Be here, you white bastard.

He took a deep breath, then with a swift, hard kick, broke down the door and swung inside, gun drawn.


Two women sat on the sofa watching an old
I Love Lucy
repeat, the smell of popcorn circling around them as the light in the darkened room flashed and changed with the television. Their backs were to the door, but neither so much as glanced behind at Jack's shout. As if they hadn't heard him.


He heard something to his right and swung toward the sound, gun raised. Running toward him, knife in hand, was the little bald man from Jingles. Barely five feet tall, his lined and weathered face wore a look of cruel determination.

“Freeze!” Jack aimed his gun at his chest but the man never slowed. “Stop or I'll shoot.” But he might as well be talking to a shrub.

If he shot the little devil, he'd never get any answers. Jack shoved his gun into his waistband and braced himself for the attack. As the small man lunged for him, Jack shot his hand in and under the knife, grabbing the man's small wrist, immobilizing the deadly weapon.

Stronger than he appeared, the little man kicked and struggled against Jack's hold and it was all he could do to keep that knife from a lethal swipe.

“Jack, watch out!” Larsen yelled from behind him.

“Get out of here!” he shouted, but his gaze swung up in time to see a second assailant, the cancer girl, running for him in an awkward, loping run, a butcher knife held in both hands above her head.
“Larsen, run!”

Terror for her surged through him, lending him the added strength he needed to quell his small opponent. He clipped him hard under the chin, sending him sprawling, unconscious.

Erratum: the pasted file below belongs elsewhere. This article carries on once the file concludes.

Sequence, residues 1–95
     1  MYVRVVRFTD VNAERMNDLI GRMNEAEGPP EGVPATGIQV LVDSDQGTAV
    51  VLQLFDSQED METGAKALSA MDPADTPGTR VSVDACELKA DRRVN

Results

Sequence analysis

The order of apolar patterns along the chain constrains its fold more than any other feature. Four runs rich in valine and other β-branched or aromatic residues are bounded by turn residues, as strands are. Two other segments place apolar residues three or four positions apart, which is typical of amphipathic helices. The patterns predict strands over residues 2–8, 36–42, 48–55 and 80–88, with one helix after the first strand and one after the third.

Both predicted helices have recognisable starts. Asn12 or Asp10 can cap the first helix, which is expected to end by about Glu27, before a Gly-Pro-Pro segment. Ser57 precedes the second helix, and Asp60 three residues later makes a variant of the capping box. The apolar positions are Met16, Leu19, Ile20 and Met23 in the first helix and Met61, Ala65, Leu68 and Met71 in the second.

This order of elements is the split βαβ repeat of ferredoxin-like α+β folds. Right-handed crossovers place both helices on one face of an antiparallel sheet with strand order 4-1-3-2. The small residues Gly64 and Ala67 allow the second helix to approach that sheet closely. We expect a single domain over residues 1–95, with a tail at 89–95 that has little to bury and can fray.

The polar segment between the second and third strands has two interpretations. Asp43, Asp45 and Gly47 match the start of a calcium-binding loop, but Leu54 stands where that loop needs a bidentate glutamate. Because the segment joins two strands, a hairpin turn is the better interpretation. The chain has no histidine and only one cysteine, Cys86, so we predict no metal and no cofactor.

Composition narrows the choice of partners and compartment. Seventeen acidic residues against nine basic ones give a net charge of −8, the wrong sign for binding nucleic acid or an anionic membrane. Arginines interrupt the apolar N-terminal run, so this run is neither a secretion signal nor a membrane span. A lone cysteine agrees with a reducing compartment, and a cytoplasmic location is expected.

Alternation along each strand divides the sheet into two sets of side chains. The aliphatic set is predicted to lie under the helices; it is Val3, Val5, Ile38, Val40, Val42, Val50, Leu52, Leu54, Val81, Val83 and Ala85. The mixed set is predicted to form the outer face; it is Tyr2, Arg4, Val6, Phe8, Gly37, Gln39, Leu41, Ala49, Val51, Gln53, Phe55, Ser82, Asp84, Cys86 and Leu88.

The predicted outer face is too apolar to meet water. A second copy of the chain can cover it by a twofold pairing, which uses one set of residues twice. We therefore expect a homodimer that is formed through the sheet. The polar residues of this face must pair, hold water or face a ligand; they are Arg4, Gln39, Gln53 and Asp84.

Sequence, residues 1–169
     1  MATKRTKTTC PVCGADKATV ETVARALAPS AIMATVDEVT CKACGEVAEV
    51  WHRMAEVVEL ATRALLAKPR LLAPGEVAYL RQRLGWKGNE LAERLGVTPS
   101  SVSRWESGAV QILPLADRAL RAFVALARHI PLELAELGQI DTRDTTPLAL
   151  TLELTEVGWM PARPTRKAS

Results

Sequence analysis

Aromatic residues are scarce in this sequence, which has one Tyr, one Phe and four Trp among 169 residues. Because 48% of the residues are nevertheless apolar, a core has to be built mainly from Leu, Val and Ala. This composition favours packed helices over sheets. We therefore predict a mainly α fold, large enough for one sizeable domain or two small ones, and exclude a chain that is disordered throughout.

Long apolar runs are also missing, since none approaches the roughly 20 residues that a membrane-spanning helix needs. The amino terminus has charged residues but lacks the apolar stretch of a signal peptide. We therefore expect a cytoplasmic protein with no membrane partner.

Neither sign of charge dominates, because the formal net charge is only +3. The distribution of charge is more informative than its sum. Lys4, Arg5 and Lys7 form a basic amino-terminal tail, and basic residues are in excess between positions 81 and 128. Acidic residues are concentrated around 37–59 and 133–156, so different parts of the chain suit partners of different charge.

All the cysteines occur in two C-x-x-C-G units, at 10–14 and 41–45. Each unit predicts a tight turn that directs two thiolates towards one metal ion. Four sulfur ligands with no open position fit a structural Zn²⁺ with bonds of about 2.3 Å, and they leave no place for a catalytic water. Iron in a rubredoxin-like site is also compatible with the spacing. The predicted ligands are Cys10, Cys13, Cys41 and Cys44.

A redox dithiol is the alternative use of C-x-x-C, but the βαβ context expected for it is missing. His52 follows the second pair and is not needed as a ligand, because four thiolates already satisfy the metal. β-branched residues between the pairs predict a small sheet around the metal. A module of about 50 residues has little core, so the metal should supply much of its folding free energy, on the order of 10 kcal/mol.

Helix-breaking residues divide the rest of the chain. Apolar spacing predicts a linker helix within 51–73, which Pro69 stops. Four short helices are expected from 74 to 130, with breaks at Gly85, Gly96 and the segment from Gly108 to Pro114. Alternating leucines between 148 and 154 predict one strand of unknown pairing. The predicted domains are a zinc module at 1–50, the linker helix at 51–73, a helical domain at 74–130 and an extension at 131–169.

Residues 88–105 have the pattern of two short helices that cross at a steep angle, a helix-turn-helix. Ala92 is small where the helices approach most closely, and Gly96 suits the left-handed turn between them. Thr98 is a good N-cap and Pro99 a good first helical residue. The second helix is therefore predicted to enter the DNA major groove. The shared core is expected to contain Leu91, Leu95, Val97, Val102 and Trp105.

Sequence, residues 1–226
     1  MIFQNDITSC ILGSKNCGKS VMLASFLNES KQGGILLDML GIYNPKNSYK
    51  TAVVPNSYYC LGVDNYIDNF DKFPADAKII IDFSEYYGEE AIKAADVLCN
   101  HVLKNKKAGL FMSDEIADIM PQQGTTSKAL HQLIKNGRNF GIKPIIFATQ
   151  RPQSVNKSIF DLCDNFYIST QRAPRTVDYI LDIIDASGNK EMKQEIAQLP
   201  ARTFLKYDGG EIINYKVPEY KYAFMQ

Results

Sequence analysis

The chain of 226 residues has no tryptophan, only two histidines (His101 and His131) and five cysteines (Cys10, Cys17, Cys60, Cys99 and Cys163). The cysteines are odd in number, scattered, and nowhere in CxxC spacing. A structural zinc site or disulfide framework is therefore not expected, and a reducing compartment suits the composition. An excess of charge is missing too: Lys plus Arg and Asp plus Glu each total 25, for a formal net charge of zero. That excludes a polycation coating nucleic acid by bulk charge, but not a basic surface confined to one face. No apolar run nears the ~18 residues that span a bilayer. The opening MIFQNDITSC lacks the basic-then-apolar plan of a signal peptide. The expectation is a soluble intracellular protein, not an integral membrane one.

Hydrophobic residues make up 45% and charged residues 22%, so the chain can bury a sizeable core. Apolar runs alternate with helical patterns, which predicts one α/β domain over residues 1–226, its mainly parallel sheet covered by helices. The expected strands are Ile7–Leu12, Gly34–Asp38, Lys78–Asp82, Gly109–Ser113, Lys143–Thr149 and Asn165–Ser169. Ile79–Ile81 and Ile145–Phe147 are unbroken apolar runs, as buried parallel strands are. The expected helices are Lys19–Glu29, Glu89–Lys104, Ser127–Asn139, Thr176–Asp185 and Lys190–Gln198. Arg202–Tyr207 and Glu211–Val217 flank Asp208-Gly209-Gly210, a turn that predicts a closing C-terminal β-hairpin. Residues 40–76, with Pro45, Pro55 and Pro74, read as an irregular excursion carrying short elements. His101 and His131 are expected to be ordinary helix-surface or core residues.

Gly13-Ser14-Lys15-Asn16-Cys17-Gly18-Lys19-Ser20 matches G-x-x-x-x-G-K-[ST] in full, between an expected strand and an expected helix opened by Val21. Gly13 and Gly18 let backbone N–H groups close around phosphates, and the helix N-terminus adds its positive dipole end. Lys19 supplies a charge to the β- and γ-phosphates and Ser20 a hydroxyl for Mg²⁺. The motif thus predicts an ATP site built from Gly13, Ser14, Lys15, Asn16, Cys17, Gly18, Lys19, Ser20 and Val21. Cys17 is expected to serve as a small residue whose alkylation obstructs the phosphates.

Then Jack grabbed his gun and swung toward the girl, prepared to shoot her down before she hurt Larsen again. But the girl, her bald head glistening with sweat, seemed to be locked in some kind of invisible battle, her limbs jerking, her muscles corded with tension.

“Flee!” she shouted, her cry anguished. “Flee or I must kill you.”

“Stop right there. Drop the knife!”

“I cannot. He orders me to kill you and I must obey.” She continued forward in that same awful gait. If she wasn't fighting every step, she was a damned good actress. “You must flee. Or stop me.”

“If I shoot, I'll kill you.”

Tears filled her eyes. “Do what you must. I wish you no more harm.” Her gaze fixed on Larsen. “Forgive me. He bade me shoot you with my arrow.” A flash of rebellion tightened her mouth. “I shot you in the shoulder so you would not die, and tipped the arrow in healing dust so your wound would heal quickly.”

Healing dust. Jack remembered his shock at how quickly Larsen's shoulder had healed. Despite the girl's protestations, she was still advancing with the knife, but after what he'd seen the past few days, he could too easily believe she was being controlled. He was going to have to stop her—without hurting her, if such a thing were possible.

“Is Baleris here?”

“Nay. He is with your guard. Your M.P.D.”

The police station. “Are there any more of you? Anyone else who's going to rush me with a knife or arrow?”

“Nay.” She was almost upon him and the tears were running freely down her cheeks now. “You must stop me.”

Jack shoved his gun into his waistband again, then circled behind her. With a single swift motion, he grabbed her arms and wrenched the knife out of her hands, then pinned her hard against him, absorbing her struggles.

The voices in his head went berserk, screeching like banshees.

“Damn.” Jack ground his teeth, struggling against the press of noise on the inside of his skull, half afraid the very bone would crack.

“Jack?” Larsen looked at him with worry in her eyes. “What's the matter?”

“I'm okay.” Hell, no, he wasn't okay. It was as if the voices were pressing their mouths to his ear, blasting him with everything they had. He could hardly hear through the screaming. Could hardly think. He had…to…get…control. With everything he had, he fought the noise, pushing at the voices with his mind until he could…almost…think again.

“Jack, you're hurting her.”

“What?” He focused on Larsen, saw her staring at the girl he still held. The girl's gasps for breath reached his ears.